Despotic rulers have been around since human history began but totalitarian tyrants only since the 20th century. Egyptian pharaohs, Persian shahs, Roman emperors and similar monarchs wielded absolute power in ancient times, but they lacked the technical means to be totalitarians in the modern sense.
They were the masters of all they surveyed, but their survey was humanly limited. It took time for their edicts and armies to reach distant regions. Communications were maddeningly slow, sometimes lost in transit or ignored upon arrival. Rebellions and invasions in distant provinces were a constant concern. Emperor Hadrian complained his predecessors left him an empire too vast to govern.
Similar conditions prevailed elsewhere for thousands of years. When French King Louis XIV (1638-1715) supposedly stated he alone was the State, he spoke a double-edged truth. Probably he meant to declare his absolute authority, but it also could be understood as an unintended admission of state limitations.
He was the monarch and his decrees were absolute, but even if he had tried, his technically anemic governmental bureaucracy would’ve been too small and inefficient to control many dimensions of French life.
The difference between the despots of earlier times and the modern totalitarians is summed up in the word totalitarianism. As soon as it became technologically possible to transmit orders, gather military intelligence and deploy armies and armaments quickly, everything — the totality — came under the expanded purview of the supreme tyrant, and personal spontaneity was correspondingly crushed.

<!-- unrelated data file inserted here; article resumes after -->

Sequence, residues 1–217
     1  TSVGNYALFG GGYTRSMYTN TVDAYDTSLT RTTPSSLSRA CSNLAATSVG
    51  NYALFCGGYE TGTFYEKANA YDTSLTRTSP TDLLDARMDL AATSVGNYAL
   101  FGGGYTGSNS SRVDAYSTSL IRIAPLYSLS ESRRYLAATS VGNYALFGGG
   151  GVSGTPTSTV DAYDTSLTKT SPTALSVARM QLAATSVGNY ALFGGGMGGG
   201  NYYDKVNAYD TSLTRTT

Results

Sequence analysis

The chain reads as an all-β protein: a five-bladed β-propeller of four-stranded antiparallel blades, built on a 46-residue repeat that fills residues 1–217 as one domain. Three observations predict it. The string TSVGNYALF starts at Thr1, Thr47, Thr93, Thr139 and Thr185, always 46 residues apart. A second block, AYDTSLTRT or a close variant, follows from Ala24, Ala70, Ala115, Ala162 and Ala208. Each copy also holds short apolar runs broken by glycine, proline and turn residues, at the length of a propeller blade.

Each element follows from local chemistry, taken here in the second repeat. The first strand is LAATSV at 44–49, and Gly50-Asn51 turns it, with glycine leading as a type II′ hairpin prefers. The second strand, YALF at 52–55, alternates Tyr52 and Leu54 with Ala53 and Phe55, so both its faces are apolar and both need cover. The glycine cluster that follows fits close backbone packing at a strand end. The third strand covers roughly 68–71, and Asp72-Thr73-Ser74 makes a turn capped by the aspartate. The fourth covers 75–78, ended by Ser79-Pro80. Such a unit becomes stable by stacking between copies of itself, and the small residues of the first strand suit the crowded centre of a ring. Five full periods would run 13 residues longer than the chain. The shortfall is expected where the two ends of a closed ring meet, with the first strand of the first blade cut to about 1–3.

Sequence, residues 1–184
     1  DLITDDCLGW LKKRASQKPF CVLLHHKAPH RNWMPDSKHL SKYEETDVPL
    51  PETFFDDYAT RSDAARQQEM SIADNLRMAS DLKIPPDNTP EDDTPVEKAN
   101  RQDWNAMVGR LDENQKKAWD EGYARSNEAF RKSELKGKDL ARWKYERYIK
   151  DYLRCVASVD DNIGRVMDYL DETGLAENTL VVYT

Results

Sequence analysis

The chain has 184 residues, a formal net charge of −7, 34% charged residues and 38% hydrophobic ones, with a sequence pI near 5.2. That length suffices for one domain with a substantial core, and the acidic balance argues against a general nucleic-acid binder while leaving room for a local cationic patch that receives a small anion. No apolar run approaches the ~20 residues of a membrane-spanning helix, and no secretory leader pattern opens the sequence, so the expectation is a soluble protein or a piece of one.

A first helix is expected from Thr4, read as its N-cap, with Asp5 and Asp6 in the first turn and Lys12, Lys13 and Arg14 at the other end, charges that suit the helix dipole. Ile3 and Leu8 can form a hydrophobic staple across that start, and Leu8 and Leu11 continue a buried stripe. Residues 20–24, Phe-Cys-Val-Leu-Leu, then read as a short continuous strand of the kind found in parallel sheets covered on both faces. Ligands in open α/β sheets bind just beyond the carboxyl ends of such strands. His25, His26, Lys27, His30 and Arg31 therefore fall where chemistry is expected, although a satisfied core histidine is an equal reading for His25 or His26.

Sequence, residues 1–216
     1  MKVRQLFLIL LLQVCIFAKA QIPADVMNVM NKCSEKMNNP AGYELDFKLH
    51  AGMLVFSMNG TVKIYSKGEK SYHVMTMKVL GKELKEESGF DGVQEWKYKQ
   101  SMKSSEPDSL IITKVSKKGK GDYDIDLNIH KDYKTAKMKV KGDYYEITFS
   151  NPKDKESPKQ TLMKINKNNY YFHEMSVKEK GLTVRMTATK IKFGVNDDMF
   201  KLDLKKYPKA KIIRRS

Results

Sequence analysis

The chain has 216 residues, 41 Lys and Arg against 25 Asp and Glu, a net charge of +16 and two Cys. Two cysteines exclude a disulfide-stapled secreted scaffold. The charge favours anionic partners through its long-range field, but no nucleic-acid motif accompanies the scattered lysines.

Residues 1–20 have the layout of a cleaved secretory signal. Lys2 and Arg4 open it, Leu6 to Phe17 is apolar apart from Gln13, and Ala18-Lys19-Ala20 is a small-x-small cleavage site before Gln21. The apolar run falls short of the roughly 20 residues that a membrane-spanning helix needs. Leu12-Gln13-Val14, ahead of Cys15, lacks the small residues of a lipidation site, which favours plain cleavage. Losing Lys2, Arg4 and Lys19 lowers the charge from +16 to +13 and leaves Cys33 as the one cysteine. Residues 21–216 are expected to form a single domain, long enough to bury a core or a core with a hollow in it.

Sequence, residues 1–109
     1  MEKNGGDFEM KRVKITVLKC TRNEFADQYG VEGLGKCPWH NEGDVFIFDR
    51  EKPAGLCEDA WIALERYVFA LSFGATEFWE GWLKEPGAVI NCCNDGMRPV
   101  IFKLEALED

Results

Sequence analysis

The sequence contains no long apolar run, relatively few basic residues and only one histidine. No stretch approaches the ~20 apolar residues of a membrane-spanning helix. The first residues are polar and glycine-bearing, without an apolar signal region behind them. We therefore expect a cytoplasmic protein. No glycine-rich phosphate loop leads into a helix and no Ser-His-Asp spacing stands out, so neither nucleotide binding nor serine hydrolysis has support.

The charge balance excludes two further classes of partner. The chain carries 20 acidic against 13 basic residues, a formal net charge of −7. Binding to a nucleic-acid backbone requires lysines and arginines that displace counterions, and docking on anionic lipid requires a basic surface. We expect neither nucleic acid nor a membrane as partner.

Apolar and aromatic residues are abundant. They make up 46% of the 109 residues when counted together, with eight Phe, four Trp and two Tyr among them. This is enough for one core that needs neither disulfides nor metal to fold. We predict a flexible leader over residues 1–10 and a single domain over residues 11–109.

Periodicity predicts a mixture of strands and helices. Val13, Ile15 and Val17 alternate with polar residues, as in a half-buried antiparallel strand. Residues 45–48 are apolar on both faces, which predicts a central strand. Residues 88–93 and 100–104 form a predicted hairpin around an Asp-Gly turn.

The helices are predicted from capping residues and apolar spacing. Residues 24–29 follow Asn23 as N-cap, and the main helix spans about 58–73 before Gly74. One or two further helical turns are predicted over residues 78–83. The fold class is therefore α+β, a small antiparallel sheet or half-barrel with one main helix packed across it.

Although technology had already altered warfare and statecraft to a certain degree in the late 19th century, Hitler’s Germany, Stalin’s Soviet Union and Mao’s China were the first fully mature totalitarian regimes. These despots took total control of everything and everybody once they had the technical capability to do so.
Hence the invasive, mind-warping propaganda and horrific exterminations in Germany and similar indoctrination and population purges in the Soviet Union and China. In the latter, state control even included restrictions on the number of children allowed per family.
Since technology made totalitarianism possible to start with, it deserves more attention than our debates — usually between young and old — about how to accommodate its innovations and inconveniences.
Probably everyone would agree that Google and its related innovations have made it unnecessary for us to do menial math, derive square roots, compute compound interest rates or carry arcane geographical facts around in our head. But what other features of totalitarianism could this ever-expanding technology lead to? And at what personal cost?
Today it appears that the only buffers still standing between individuals protective of their privacy and governments determined to invade it are lingering legal and ethical codes of past eras. If these safeguards fail — and they’re under assault — I find no reason to think that the Western democracies will show any more respect for our personal privacy than the totalitarians.
Twentieth-century technology made totalitarian despotism a reality. Will the 21st century develop new forms of human enslavement or greater enlightenment and expanded freedom?